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While few analysts have issued estimates for all-industry holiday sales yet, estimates for individual retailers anticipate slowdowns. The mean consensus estimate for fourth-quarter same-store sales at Macy's calls for a decline of over 16%, considerably steeper than the prior-year decline of 0.6%, according to S&P Capital IQ. Expectations outside of department stores are more hopeful, with Capital IQ calling for a 2.2% increase at Best Buy. That would still be below the 3.2% that the retailer posted for its fourth quarter in 2019.

Regardless of the economy, planning for the holidays is already on retailers' minds. "I think the wildcard is going to be the traffic we get through physical stores," Nordstrom Inc. President, Director and Chief Brand Officer Peter Nordstrom said during a July 7 analyst call. While Nordstrom said the company is preparing for several different scenarios based on the pandemic, he added: "We know that there'll probably be more pressure on the online part of our business."

One likely antidote to both higher online sales and limited in-store traffic would be offering the same deals that retailers advertise for Black Friday earlier in the week online. Offering an hours-long deal on a sought-after coat, for example, could "create that same sort of frenzy online" that retailers create in-store, Rector said.

A Prime Day in October, "one of the quietest months" for stores, could force retailers to offer those promotions even earlier, Rector added. For many department stores and mall-based retailers, the key for handling holiday demand for more online purchases will be using stores to fill orders, such as the drive-up models that companies like Kohl's and Macy's expanded during the height of lockdowns this spring.

Holiday sales as early as October would also give retailers the chance for a dry run of their holiday marketing and order fulfillment strategies amid the pandemic, Deborah Weinswig, CEO and Founder at Coresight Research, said in an email. The sales would mark a "huge opportunity to pull forward demand from holiday [2020] and also test what works and what doesn't in the current environment," she said.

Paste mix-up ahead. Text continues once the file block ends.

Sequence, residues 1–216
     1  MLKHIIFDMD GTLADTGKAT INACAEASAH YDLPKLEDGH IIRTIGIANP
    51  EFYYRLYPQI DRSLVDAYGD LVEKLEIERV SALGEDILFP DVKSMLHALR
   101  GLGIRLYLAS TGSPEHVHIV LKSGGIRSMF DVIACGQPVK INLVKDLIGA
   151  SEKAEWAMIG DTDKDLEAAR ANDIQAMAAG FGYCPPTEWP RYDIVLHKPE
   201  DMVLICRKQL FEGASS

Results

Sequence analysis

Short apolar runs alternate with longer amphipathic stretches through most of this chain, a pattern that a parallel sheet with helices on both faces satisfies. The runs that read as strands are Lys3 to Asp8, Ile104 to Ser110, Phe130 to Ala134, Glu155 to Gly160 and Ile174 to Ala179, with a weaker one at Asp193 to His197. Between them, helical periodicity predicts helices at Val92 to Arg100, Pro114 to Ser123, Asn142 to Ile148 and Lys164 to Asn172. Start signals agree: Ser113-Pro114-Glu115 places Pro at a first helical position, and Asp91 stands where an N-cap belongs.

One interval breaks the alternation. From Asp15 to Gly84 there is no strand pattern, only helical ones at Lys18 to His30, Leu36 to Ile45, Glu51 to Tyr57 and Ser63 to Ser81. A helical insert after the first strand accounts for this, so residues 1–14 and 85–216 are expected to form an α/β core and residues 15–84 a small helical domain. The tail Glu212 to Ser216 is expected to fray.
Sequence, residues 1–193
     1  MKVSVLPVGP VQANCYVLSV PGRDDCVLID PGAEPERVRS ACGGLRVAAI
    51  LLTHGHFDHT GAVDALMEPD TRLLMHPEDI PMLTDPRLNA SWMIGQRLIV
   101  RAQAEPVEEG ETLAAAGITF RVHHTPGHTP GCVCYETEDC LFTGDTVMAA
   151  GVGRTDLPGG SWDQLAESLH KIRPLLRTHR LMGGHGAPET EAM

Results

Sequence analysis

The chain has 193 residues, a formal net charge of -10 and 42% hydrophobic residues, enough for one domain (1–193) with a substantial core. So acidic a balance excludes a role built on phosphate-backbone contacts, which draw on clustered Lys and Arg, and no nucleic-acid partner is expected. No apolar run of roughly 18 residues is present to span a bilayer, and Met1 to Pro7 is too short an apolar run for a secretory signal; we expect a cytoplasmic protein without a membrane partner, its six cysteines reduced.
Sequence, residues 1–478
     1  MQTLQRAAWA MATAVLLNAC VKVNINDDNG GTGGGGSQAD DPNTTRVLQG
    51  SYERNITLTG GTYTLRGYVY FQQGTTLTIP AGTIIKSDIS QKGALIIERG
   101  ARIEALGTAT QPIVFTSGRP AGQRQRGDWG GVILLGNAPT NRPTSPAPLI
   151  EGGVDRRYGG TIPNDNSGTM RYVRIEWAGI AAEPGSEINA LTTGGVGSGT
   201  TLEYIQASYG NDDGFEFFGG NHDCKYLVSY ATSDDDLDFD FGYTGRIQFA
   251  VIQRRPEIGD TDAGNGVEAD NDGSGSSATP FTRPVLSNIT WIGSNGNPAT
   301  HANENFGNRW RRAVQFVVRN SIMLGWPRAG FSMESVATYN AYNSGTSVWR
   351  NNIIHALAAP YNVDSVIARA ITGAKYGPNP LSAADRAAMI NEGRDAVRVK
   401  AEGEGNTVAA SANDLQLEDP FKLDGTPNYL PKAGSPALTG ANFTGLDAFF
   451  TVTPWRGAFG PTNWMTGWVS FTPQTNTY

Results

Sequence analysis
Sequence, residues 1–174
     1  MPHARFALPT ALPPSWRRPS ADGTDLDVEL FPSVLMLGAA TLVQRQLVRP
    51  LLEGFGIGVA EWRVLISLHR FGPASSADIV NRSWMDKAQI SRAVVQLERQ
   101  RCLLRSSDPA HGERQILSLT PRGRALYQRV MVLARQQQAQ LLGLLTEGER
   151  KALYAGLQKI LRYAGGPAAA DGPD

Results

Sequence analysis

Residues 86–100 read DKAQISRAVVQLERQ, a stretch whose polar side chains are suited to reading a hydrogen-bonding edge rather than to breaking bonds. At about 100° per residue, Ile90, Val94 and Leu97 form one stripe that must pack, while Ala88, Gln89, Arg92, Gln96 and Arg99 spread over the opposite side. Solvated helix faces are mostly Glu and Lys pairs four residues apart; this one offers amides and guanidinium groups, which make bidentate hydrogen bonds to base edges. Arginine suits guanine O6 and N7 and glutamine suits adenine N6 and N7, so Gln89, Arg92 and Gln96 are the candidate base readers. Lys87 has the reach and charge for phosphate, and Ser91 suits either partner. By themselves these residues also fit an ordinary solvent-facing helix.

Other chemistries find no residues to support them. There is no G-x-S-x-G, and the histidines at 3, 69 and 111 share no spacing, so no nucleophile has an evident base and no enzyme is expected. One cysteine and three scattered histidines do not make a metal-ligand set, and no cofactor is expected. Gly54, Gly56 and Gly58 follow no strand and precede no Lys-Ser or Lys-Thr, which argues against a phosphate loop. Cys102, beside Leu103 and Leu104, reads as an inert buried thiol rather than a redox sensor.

Retailers are already coping with one key selling season disturbed due to the coronavirus. Back-to-school shopping for grade school and college students has gotten off to a slow start, with many retailers and schools uncertain about when students will return to classrooms and lecture halls. That has led to less demand for new outfits, dorm furnishings and other products that students and their parents commonly purchase before a new semester.

"Back-to-school doesn't have a start this year," Marshal Cohen, chief industry advisor for retail at the NPD Group, said in late July during a webinar hosted by apparel conference Texworld. "Consumers are buying for the here-and-now," he said, noting that consumers with tighter budgets as a result of the pandemic will likely wait to make seasonal clothing purchases, including some holiday items, until well into November or December.

For retailers reliant on United Parcel Service Inc., FedEx Corp. and other third-party delivery services, fielding as many orders as possible before Black Friday could help avoid a crunch provided e-commerce sales are significantly above 2019, he said in an interview.

The message that retailers will likely send to consumers as fall arrives? "Shop early," Thomson said.